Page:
However, Amir was going to achieve redemption for himself. When Amir saw Hassan’s son Sohrab and decided to negotiate with Assef to take him away. Assef certainly disagreed and hit Amir. This time Amir did not escape, he bravely stayed to face the common enemy and determined to take Sohrab away. The evidence from the book is “What was so funny was that, for the first time since the winter of 1975, I felt at peace. I laughed because I saw that, in some hidden nook in a corner of my mind, I’d even been looking forward to this…my body was broken–just how badly I wouldn’t find out until later–but I felt healed. Healed at last. I laughed. (Chapter 22)” Amir used “healed” mean mentally because he fights back with his brave, fearless and he can be a man like Baba. Also, it an act of late revenge for Hassan as a friend as family. Amir got a very severe physical injury at this time. As humans must be irritated with tears by body pain. But Amir can still laugh. It can be seen that the big rock in his heart was put down. He successfully let go of his anger at Arthur and let go of his inner torture for years.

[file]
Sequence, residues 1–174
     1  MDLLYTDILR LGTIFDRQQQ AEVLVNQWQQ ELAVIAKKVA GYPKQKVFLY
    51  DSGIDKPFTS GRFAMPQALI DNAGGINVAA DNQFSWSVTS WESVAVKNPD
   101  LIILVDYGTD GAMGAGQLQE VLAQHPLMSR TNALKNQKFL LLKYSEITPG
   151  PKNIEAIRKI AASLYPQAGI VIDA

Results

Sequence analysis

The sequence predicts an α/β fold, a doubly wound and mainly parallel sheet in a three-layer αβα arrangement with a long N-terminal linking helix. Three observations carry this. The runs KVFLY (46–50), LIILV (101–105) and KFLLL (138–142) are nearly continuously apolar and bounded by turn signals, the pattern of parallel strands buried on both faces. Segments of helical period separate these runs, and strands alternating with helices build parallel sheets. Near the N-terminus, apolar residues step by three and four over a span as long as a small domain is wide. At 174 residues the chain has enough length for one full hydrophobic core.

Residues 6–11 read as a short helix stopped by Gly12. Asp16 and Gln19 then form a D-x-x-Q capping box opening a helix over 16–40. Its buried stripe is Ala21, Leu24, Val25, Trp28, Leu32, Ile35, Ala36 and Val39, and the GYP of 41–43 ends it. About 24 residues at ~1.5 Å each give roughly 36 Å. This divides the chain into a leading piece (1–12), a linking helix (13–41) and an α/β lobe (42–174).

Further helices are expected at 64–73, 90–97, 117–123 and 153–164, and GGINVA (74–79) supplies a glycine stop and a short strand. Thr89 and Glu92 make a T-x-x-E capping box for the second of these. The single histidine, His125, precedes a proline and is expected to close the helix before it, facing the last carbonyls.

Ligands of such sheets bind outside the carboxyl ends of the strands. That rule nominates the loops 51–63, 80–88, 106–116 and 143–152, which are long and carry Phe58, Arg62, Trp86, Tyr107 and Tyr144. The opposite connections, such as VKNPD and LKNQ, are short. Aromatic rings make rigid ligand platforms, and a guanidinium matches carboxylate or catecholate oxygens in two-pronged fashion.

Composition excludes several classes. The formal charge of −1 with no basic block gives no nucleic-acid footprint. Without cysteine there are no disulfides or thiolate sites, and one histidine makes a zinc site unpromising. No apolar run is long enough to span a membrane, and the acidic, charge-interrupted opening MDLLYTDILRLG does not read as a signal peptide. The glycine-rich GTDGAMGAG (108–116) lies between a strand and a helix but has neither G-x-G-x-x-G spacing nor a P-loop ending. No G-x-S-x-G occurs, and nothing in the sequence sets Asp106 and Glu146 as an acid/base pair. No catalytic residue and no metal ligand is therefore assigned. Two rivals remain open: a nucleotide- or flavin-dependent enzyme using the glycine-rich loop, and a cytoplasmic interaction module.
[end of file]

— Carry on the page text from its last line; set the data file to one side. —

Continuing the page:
Amir successfully brought Sohrab home for atonement to Hassan about what he did before and he decided to take on the responsibility of a family to give the child care and love until he grew up. Amir was willing to come to his son to atone for sin as Hasan did to himself. When Amir and Sohrab were flying a kite together, Amir took the initiative to pick up the dropped kite for Sohrab and said, “For you, a thousand times over, I heard myself say.” Atonement cannot be accomplished overnight, and it will take a lifetime. However, I believe that Amir and his wife can slowly heal the scars on this child’s heart with love and get real salvation because of the soft word from Amir, “It was only a smile, nothing more. It didn’t make everything all right. It didn’t make ANYTHING all right. Only a smile. A tiny thing. A leaf in the woods, shaking in the wake of a startled bird’s flight. But I’ll take it. With open arms. Because when spring comes, it melts the snow one flake at a time, and maybe I just witnessed the first flake melting.” This passage used metaphor, the unusually quiet Sohrab’s heart was as cold as winter because he never felt love. The author here uses snow rather than ice to be more appropriate for the simplicity and weakness that a child would have. Amir compares himself to spring because spring has strong energy for lives to grow and he believes that he can take up the responsibility of taking care of a child. Despite it may be the thousand years of snow, it will turn into a clear and lively stream after spring again and again.